CHEP Equipment Pooling case: Transfer of goods is not an intra-Community supply and refusal of a VAT refund due to lack of VAT registration is unjustified
When operators trade internationally, they may move goods from one EU Member State to another. Such a movement may result in a deemed intra-Community supply in the EU Member State of departure and a deemed intra-Community acquisition in the EU Member State of destination. This situation occurred in the CHEP Equipment Pooling case, where the European Court of Justice (ECJ) ruled that the transfer of goods in that case did not qualify as an intra-Community supply and that a refund of VAT cannot be refused because the taxable person is not identified for VAT purposes in the EU Member State where a refund was requested.
The judgment of the European Court of Justice
Central to the case was the Belgian company CHEP Equipment Pooling. CHEP Equipment Pooling bought pallets in several EU Member States, including in Romania. CHEP Equipment Pooling transported the pallets (bought in Romania and in other EU Member States) to Romania for rental. It then rented them out to the group company CHEP Pooling Services Romania, which in turn sublet the various pallets to Romanian customers. Subsequently, CHEP Equipment Pooling applied to the Romanian tax authorities for a refund of the VAT charged by the Romanian pallet supplier. The Romanian tax authorities refused to grant the VAT refund. According to the Romanian tax authorities, CHEP Equipment Pooling must be identified for VAT purposes in Romania because of a deemed intra-Community supply concerning the transfer to Romania of pallets purchased in other EU Member States.
In dispute in the case was whether the transfer to Romania of the pallets purchased in other EU Member States qualifies as a deemed intra-Community supply, thus requiring a VAT registration of CHEP Equipment Pooling in Romania because of the deemed intra-Community acquisition. The ECJ ruled that the transfer of the pallets by CHEP Equipment Pooling to Romania does not constitute a deemed intra-Community supply because the exception for so-called temporal movement applies. In coming to this conclusion, first the ECJ considered that the pallets must be hired out in Romania. As well, the ECJ considered it important that the use of the pallets was only temporary and that the pallets were dispatched or transported from that other Member State. And finally, the ECJ held that even if CHEP Equipment Pooling had to register to report the deemed intra-Community acquisition, the refund of VAT cannot be refused.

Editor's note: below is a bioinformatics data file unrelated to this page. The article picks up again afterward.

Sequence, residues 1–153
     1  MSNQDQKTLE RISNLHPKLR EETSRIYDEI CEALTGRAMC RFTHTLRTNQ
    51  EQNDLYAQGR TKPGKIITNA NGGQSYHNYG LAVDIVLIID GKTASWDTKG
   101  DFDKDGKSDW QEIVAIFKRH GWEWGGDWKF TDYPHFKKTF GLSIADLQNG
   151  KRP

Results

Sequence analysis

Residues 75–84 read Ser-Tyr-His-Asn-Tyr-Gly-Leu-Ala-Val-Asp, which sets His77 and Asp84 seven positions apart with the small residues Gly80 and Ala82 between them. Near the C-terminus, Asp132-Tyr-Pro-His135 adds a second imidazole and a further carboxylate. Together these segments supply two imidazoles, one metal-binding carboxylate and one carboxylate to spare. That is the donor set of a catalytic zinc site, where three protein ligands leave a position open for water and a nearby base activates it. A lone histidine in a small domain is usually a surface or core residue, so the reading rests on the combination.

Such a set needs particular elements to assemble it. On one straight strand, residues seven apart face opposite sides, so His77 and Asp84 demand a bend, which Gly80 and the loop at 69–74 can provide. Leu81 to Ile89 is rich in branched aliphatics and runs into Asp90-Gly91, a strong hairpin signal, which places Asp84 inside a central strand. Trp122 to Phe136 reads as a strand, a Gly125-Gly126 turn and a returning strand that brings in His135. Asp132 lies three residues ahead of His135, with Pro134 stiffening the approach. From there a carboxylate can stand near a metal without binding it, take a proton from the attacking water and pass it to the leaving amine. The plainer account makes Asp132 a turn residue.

The importance of this judgment
The ECJ has already ruled that taxable persons may not be restricted in their right to deduct VAT for the sole reason that they are not registered for VAT. To that extent, the ruling of the ECJ in the CHEP Equipment Pooling case is not surprising. Nevertheless, the ruling is favourable to companies that reclaim VAT paid abroad. It is clear from the present case that the right to a VAT refund is protected and that an EU Member State cannot refuse a taxable person from another EU Member State the right to a VAT refund on the sole ground that this taxable person is not identified for VAT in the EU Member State of refund.